The Gun Cabinet
The gun cabinet was prominent, a gleaming walnut and glass display, free of dust and fingerprints, which was noteworthy as the rest of the house was covered in pet hair and smelled of must, and dog, and old. Lena’s eyes kept flicking back to this centerpiece dominating the living room. Each gun rested on a metal mounting over gray padding; three large guns were horizontal, and two handguns were tilted at a diagonal.
Lena perched on the edge of the floral, overstuffed sofa, sweating as the central heating blasted away Virginia’s December chill. She glanced down, surreptitiously brushing at the dog hair clinging to the legs of her black jeans. Jeans she would likely wear for several days, as her suitcase, stuffed with sweaters and boots and thick, cozy socks for their eight-day visit, never made it off the conveyor belt at the Richmond Airport.
Ray’s mother Margaret (please, call me Mags) had offered to lend Lena her clothing multiple times, but since the petite blonde was about half Lena’s height, the suggestion was ludicrous. Lena politely demurred, assuring Mags that she would do some laundry before bed.
Lena was grateful when Ray’s stepfather, Jim, handed her a highball splashed with a generous pour of Tullamore Dew, telling her his family, like the whiskey, hailed from Tullamore, Ireland. This Lena could manage. Whiskey talk. Ray and Margaret—Mags—were deep in conversation about Ray’s job at the Mercedes dealership, so Lena clutched her glass, sipping and nodding, encouraging Jim with murmurs of interest as he waxed poetic about Irish whiskey.
“It’s blended, Lena, triple barrel. You know what that means?”
“They make it in three barrels?”
“That’s exactly right. Ray, you got a good one here! Triple cask matured, they say. Well, I’ll tell you, I have whiskey in my blood. The rivers were flowing with it back in the old country. King’s County, Lena, that’s what they called it. We were kings!” His chortle caught in his throat, turning into a phlegmy cough that fogged up his thick glasses and shook his jowls before he soothed his throat with another gulp of whiskey. “You know the Irish, we love our drink. Distilleries all over the place! Tullamore, Ireland. The green would knock your eyes out, Lena. They don’t call it the Emerald Isle for nothing!”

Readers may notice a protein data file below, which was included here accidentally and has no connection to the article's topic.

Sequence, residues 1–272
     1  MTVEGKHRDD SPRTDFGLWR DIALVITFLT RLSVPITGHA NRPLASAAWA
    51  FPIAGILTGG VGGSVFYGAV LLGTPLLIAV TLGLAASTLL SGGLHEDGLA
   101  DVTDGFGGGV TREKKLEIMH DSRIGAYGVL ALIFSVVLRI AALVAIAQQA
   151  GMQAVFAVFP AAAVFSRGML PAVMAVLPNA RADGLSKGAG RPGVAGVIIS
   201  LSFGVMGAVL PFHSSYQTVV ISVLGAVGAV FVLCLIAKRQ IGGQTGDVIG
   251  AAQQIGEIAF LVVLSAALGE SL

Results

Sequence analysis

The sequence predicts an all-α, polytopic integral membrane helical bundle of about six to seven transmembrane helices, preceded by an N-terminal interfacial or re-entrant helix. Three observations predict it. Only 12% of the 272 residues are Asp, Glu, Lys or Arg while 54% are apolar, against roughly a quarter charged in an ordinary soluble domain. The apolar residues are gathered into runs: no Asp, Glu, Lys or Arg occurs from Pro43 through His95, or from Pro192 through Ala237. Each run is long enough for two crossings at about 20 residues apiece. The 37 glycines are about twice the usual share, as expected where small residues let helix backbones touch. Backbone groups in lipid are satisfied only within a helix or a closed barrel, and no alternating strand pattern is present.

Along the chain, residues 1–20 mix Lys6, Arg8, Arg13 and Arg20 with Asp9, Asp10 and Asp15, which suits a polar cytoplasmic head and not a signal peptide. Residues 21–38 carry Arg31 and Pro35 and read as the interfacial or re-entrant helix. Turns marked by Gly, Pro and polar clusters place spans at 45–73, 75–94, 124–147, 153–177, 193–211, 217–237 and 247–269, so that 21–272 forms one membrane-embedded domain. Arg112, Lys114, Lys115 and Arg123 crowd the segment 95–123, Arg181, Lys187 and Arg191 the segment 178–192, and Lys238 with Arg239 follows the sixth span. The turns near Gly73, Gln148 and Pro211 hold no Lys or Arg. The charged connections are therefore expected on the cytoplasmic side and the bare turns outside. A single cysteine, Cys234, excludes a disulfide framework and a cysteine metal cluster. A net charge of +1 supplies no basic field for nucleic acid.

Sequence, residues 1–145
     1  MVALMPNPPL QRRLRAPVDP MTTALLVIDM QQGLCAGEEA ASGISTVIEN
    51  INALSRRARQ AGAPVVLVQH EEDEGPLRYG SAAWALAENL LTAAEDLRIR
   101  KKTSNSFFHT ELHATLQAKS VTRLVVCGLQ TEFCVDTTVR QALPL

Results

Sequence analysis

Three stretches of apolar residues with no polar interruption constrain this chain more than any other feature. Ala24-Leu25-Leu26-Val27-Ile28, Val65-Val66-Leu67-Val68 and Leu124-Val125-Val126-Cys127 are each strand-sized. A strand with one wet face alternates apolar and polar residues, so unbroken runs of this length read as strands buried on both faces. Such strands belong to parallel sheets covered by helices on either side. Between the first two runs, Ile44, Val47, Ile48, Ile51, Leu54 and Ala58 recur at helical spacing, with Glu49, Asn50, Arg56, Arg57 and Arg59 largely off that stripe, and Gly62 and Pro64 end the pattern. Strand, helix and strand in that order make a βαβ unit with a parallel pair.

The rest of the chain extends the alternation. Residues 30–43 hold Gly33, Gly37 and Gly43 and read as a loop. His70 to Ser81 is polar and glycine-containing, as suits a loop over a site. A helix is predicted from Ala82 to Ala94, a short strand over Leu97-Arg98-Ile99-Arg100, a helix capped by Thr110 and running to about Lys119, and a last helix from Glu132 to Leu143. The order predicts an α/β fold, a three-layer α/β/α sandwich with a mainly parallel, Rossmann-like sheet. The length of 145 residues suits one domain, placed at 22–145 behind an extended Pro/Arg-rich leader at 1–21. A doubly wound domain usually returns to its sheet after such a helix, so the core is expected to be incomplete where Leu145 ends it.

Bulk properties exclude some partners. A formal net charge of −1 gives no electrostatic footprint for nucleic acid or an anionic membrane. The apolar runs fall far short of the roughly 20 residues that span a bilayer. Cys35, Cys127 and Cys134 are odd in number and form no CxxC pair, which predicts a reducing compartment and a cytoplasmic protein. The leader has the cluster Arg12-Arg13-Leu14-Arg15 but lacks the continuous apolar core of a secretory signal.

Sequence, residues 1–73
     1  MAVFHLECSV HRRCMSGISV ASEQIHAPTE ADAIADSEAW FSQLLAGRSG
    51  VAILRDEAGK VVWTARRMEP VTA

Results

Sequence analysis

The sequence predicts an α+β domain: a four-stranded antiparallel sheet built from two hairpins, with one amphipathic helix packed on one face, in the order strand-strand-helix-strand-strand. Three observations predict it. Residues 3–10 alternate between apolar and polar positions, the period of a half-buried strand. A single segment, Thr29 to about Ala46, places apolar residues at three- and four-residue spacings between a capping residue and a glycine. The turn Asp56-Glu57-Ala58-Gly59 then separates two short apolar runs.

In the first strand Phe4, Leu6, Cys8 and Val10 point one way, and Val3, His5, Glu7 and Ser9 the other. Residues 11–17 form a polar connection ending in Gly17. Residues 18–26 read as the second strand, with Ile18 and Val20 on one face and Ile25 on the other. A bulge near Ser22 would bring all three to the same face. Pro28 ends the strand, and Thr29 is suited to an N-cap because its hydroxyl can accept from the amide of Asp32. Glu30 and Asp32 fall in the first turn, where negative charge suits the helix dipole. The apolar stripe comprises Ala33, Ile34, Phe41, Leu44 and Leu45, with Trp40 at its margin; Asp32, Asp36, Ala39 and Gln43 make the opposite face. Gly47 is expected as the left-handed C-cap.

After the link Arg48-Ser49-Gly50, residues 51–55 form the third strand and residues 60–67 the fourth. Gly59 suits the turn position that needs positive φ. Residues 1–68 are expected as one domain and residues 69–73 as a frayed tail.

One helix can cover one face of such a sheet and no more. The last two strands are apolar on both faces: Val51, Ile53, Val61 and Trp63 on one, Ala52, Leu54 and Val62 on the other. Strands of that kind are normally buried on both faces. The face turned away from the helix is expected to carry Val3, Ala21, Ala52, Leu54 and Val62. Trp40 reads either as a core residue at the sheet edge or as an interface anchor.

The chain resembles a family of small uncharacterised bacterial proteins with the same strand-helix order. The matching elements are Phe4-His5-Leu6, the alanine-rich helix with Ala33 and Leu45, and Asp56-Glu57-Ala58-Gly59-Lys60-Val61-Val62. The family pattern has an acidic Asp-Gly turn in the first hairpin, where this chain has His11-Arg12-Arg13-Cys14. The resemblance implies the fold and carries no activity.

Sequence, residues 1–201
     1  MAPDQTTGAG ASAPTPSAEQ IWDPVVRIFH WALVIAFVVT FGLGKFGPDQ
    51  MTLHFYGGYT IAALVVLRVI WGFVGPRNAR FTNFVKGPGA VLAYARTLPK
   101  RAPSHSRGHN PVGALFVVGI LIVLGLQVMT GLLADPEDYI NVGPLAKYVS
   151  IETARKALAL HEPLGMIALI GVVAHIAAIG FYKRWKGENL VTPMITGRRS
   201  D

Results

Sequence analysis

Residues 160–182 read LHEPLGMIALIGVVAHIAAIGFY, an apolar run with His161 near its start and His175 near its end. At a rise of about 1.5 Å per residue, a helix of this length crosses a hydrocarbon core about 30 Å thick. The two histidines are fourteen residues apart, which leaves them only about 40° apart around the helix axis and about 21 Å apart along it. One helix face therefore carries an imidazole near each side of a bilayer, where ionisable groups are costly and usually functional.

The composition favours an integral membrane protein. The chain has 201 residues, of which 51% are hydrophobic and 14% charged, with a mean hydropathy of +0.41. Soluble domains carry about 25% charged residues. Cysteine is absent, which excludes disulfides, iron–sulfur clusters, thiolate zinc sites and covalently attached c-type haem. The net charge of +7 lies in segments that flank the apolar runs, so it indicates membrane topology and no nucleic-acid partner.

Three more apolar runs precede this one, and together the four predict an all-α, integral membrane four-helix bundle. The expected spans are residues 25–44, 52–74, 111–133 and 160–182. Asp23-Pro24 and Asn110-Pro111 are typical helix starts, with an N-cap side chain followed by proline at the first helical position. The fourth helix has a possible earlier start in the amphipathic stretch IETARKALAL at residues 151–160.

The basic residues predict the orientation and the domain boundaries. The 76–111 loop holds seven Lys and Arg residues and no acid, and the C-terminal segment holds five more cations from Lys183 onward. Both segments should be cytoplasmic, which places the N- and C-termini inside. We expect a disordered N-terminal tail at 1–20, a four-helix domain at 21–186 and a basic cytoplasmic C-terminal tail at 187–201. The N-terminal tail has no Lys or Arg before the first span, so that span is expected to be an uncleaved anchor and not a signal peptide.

“And that’s where you grew up?”
Jim’s gravelly laughter turned into another choking fit that rattled his Lazy-Boy and turned his whiskered face a concerning shade of red. Lena watched anxiously, then glanced toward Mags, but when she ignored the explosive noises coming from their side of the room, Lena guessed these eruptions must be fairly commonplace. Breathing still labored, Jim wiped his mouth, then continued. “No, no, right here in Virginia, Miss Lena. But I’ll tell you, my great-great-grandma—lemme see—is that the right amount of greats? Maybe another drop would help me remember.” He winked, nodding toward the bottle. Dutifully, Lena refilled his glass, giving herself another splash as well. When in Rome. Or, uh. Virginia. “Well, that woulda been Oonagh. She married one of those Molloy nephews way back, but he wasn’t actually a Molloy, he was a Daly, but the Molloys were his people. Then they had Orla—that’s my great gran. She married a Molloy cousin, too, and had my granny Aoife. Those Molloys, well, they had their sticky fingers in just about every operation out there in King’s County.” He looked expectantly at Lena, and she sensed she was supposed to respond.
“Oh yeah, that Michael Molloy, he was the first, and after that, the Molloys pretty much owned the town.”
“That’s right, lass.”
Lass? He was getting more Irish with every swallow.
“They had the general store, the wine shop, the distillery. All a them cousins got a piece. Oh yeah, they ran the town, that’s for darn sure. And the castles in that place, well, they didn’t call it King’s County for nothin! They’d knock your eyes out! You been to Ireland, Lena?”
“No Jim, I never have.”
“Ray,” he hollered across the room, “take this little girl to Ireland!”
“I’m working on it, Jimmy. Working on it.”
“Well son, you gotta make that happen! You making good money at that fancy car shop? Running that place yet?”